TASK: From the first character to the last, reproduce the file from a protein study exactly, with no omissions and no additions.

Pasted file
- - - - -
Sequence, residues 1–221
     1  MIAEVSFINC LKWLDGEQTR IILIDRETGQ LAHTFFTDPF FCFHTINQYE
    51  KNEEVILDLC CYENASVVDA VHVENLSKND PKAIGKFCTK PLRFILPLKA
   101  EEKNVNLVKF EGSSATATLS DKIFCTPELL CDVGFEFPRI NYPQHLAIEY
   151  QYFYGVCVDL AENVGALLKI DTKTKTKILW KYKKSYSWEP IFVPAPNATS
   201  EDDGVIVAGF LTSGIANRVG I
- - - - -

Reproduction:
Sequence, residues 1–221
     1  MIAEVSFINC LKWLDGEQTR IILIDRETGQ LAHTFFTDPF FCFHTINQYE
    51  KNEEVILDLC CYENASVVDA VHVENLSKND PKAIGKFCTK PLRFILPLKA
   101  EEKNVNLVKF EGSSATATLS DKIFCTPELL CDVGFEFPRI NYPQHLAIEY
   151  QYFYGVCVDL AENVGALLKI DTKTKTKILW KYKKSYSWEP IFVPAPNATS
   201  EDDGVIVAGF LTSGIANRVG I